Thomas Dewar, Executive Director of Information Technology, Lutheran Social Services of New York
I like to keep things as simple as possible. The simpler things are, the more likely you are to use them. More importantly, the more likely you will be successful in having your team adopt your solutions. Simplicity is just as significant with remote monitoring. I have heard many horror stories about people spending time and money configuring a tool that became too cumbersome to use. In a crisis, you need something you can use to get answers fast without much thought.
Here are some things to think about when you select remote monitoring tools:
How easy is it to set up?
You want something you can get up and running quickly. The messier it is to configure, the higher the probability it will gather dust. Two of my favorite tools, Lansweeper, and Meraki Networking equipment are very easy to set up. With Lansweeper, you give it the IP ranges and domain(s) to scan, and some credentials to use and it does the rest. Meraki networking equipment automatically gathers information as soon as it is plugged in.
Do you push or pull?
The best monitoring solutions reach out to you when you need to know something. You need an email or text message to know something is wrong. If you must go looking for the information, it is probably too late. You can be creative with this. If your solution only has email capability, find out your cell phone’s email address and use that for text messaging.
How do I stop the SPAM?
Having a remote monitoring solution that sends you messages is good, but you also want to make sure the communications are meaningful. Make sure that whatever you use can be configured to send only the alerts you need to know about immediately, and lets you look for the rest when you need it. Too many warnings become unread SPAM. I use text messaging for the immediate must have alerts and email for the less important ones.
Summary information can be beneficial as well. Consider having some of the information sent as a daily or weekly report instead of coming in as it happens.
How user-friendly is the interface?
Great tools have easy to read dashboards with a combination of text, graphics and color coding.
Remote monitoring solutions should be flexible enough that they set up easy in the beginning but can be more advanced as you learn the tool
An excellent interface draws your eye to the vital information quickly. Make sure that whatever you choose feels comfortable for you and is an interface that will tell you what you want to know.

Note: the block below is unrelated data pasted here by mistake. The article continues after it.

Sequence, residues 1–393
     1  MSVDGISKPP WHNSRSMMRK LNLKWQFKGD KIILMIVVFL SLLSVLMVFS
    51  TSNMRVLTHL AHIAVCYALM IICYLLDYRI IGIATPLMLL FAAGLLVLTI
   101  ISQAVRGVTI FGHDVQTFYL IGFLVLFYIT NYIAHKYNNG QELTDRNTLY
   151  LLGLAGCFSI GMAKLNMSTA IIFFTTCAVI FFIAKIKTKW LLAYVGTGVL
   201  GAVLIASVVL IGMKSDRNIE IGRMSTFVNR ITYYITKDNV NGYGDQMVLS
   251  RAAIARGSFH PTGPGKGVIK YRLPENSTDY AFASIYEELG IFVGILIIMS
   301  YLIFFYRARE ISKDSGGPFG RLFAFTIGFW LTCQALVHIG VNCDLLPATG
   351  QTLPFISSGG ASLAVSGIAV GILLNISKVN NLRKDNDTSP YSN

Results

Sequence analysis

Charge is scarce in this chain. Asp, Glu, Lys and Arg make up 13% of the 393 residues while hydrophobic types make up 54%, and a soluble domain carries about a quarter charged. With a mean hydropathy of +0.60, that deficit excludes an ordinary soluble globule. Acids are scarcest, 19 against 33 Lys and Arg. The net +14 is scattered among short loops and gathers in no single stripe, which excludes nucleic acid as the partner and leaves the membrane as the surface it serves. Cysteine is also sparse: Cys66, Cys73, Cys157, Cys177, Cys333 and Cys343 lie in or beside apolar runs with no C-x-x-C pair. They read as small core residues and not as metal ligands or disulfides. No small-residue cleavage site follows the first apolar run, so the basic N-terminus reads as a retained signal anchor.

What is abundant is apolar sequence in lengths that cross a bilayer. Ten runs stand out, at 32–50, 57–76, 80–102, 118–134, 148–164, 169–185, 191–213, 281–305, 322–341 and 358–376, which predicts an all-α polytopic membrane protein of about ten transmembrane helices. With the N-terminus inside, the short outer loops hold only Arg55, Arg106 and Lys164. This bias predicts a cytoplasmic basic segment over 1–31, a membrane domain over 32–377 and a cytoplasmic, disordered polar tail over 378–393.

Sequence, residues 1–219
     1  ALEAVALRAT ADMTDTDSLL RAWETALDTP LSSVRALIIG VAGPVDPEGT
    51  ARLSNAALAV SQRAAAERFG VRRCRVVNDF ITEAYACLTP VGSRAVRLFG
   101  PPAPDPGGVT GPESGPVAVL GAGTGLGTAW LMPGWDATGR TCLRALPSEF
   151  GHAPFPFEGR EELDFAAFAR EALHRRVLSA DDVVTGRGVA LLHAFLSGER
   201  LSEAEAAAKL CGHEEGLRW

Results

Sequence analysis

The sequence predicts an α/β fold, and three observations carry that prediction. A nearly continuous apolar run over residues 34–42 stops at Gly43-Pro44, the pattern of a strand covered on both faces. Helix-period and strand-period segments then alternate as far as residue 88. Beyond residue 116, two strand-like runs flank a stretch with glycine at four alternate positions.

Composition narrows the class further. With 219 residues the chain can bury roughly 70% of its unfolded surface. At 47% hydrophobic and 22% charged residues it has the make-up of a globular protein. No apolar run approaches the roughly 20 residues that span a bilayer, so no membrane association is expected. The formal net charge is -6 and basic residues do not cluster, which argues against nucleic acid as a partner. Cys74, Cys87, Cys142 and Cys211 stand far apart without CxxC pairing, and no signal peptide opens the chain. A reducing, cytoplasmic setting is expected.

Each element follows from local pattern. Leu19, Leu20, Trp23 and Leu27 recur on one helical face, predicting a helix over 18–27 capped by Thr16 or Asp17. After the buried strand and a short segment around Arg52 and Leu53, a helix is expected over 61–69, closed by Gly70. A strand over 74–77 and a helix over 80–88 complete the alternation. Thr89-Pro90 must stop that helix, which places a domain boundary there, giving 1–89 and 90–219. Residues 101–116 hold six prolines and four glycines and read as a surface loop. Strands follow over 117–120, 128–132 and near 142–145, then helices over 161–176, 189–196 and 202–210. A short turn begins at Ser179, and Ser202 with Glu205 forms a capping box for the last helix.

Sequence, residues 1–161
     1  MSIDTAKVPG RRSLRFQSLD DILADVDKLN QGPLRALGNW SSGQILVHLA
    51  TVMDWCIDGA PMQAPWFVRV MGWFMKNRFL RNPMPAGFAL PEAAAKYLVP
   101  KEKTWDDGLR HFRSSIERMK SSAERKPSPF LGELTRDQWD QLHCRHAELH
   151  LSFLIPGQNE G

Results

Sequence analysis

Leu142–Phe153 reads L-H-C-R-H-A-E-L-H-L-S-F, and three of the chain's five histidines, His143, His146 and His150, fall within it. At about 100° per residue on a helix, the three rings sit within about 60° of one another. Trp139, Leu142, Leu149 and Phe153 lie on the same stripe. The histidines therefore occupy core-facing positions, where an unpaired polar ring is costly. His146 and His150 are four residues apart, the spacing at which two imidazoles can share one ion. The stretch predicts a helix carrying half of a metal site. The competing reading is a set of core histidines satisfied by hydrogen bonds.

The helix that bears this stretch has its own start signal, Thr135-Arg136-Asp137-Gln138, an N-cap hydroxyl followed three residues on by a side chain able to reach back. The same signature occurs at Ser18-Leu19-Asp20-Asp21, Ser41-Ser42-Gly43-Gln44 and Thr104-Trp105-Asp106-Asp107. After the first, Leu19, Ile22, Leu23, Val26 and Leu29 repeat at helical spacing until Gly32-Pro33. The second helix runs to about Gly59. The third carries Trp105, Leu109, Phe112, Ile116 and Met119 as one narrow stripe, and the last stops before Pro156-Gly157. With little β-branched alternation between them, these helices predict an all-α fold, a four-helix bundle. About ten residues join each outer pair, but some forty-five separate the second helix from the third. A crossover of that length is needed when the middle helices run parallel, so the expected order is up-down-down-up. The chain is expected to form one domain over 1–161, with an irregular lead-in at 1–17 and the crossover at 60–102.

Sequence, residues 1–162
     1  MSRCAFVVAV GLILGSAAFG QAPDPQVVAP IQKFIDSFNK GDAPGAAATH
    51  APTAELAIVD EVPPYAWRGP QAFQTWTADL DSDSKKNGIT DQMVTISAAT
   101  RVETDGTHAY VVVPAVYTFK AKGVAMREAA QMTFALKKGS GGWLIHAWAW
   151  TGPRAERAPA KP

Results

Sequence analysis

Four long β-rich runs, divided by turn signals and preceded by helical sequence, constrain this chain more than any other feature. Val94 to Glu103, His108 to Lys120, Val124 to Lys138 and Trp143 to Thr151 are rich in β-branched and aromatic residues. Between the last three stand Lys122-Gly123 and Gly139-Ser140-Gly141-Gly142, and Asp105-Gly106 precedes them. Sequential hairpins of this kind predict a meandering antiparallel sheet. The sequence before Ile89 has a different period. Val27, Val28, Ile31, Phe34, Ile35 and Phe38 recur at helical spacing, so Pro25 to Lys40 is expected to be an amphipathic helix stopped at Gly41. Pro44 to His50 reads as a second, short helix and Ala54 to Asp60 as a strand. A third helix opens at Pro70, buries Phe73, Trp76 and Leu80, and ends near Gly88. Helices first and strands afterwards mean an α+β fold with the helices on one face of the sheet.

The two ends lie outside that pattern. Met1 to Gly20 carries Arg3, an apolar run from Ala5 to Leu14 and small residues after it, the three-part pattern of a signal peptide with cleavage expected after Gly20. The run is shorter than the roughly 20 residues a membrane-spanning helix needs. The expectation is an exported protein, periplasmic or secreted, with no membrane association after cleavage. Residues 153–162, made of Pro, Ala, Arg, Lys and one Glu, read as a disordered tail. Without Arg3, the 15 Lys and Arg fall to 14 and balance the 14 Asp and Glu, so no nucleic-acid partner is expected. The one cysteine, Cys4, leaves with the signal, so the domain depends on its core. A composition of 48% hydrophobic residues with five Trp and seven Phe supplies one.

Does it bring you joy?
We will save that question for when you clean out your network closet.
Does it grow with you?
The best tools start simple and grow with you as you learn them. Remote monitoring solutions should be flexible enough that they set up easy in the beginning but can be more advanced as you learn the tool. This way you don’t outgrow the solution and can use it at the level of complexity that makes you comfortable.
Can it do more than monitoring?
Remote monitoring is excellent for keeping tabs on things, but when you get an alert, you want to do something about it. My favorite tools incorporate functionality with monitoring.
Lansweeper, for example, has tools that allow you to perform actions on the assets it monitors. You can look up a user, find out which PC they logged into, get configuration information about the machine, ping the computer, check the services and start/stop/restart them, remote into the PC, and much more; all from the same monitoring interface. You can look at your printers, select one, see the information collected, and then go straight to the web interface all with a few clicks.
Meraki networking equipment lets you find a device, see who logged into it, trace the switch and port it connects to, see what network activity it has had, ping the device, and do a packet capture all from the same interface. If you have a power over internet device, like a phone, you can bounce the port and reboot the phone. You can examine the internet traffic, and if you find something like video using too much bandwidth, you can perform traffic shaping and restrict that traffic all from the same interface.
Functionality like this can make the difference in avoiding the need to make a site visit. Whether your site is in another town or another continent, those visits slow things down. The more you can handle remotely; the more efficient your team can be.
What are your peers using?
Check and see what your peers are using and ask for a demo of the tools they like.
How can you combine sources and be more efficient?
Combining alerts from different sources can be easy and useful. Teamviewer gives popup messages when someone logs into a PC configured for remote access, and I usually ignore them. When I have a site that is down, and I am waiting on the ISP to bring it back online, my tools can help me keep on top of the status. When I get text messages from my Meraki equipment letting me know the devices are back online, I am aware the internet is back up, but when I see the cluster Teamviewer alerts that those PCs are logging back in, I am confident the site is up and functioning without having to check.
A good friend reminded me that one of our best remote monitoring tools is staff awareness. Train staff to alert you proactively when they see something unusual.
These tips can help you find useful remote monitoring tools that can save time, money and make your team more productive.